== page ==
The Indigenous Environmental Network, Greenpeace and the United Nations track the increase in Native American death rates from persistent organic pollutants.
Since both tradition and necessity make hunting and fishing in integral part of Native American life, the poisons hit these populations disproportionately
PHOTO: ©1989 SANDRA HURTADO
If unchecked, pollution may accomplish what centuries of war, land attrition and prejudice could not: increased Native American death rates from persistent organic pollutants and eventually the end of the Native American.
The Indigenous Environmental Network (IEN), along with Greenpeace and most recently the United Nations, has been tracking the alarming direct increase in Native American death rates from persistent organic pollutants, or POPs. These chlorine-based substances, such as dioxin, polychlorinated biphenyls (PCBs), chlordane, DDT and many others, have been found in the fishing waters and bird habitats of tribal lands. Since both tradition and necessity make hunting and fishing in integral part of Native American life, the poisons hit these populations disproportionately. Unable to rid itself of POPs through the liver, the body stores them in fat, amplifying their carcinogenic and reproductive consequences.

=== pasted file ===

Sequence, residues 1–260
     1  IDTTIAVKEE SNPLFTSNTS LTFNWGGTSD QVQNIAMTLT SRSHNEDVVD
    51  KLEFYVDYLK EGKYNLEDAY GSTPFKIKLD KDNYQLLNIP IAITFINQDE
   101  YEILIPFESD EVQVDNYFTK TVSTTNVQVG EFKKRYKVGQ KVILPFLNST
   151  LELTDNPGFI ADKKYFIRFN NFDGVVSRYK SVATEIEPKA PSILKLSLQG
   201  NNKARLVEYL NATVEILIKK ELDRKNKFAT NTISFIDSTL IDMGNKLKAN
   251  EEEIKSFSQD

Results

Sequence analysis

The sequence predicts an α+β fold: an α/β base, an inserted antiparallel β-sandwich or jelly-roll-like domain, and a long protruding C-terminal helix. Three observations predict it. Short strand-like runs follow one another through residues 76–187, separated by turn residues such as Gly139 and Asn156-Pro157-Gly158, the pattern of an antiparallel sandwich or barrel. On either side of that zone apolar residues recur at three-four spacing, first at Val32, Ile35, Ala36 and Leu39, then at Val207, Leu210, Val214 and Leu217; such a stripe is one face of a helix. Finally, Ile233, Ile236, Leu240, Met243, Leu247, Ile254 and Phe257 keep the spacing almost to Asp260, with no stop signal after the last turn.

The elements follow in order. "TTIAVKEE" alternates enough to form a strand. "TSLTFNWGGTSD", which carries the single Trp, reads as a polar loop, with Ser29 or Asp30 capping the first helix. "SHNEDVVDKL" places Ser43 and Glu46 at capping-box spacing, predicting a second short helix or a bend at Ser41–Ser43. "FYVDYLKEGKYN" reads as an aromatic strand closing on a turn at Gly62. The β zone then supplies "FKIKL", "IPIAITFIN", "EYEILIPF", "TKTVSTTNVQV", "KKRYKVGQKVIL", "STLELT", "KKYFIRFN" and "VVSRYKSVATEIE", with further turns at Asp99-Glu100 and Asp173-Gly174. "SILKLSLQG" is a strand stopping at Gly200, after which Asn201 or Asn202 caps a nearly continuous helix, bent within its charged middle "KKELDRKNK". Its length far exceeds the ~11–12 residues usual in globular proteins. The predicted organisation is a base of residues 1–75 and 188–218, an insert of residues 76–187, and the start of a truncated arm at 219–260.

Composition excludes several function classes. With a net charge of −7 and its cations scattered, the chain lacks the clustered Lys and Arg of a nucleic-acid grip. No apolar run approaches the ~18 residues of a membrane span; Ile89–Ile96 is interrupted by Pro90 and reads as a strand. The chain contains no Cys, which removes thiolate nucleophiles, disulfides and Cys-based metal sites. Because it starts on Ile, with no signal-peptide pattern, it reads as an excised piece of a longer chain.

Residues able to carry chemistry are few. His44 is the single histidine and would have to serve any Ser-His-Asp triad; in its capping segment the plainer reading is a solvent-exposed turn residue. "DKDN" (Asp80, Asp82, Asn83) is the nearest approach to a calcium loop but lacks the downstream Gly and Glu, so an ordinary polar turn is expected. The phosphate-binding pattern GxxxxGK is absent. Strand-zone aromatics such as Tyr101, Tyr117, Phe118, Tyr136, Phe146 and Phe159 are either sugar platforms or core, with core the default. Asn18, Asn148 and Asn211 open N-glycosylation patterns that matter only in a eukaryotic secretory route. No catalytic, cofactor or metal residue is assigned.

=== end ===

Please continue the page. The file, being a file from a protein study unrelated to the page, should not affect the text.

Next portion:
Tom B. K. Goldtooth, national coordinator for the IEN, sees what is happening among his people as only the beginning of a global POP health crisis. "Those who imagine that we are not vitally connected to every living species and people are living in ignorance. Dangerous air and water are a shared risk."
The fact that airborne POPS are capable of traveling thousands of miles before landing in soil or water sources (thereby making the U.S. ban on the use of DDT, for instance, all but worthless) only adds poignancy to Goldtooth's assertions. His IEN has helped produce a film detailing the plight of POP-affected populations and advancing the cause of a worldwide POP ban. The film, entitled Drumbeat for Mother Earth, is available for $29.95 (proceeds go directly to the Indigenous Environmental Network) through Bullfrog Films; visit them on the Web at www.bullfrogfilms.com.
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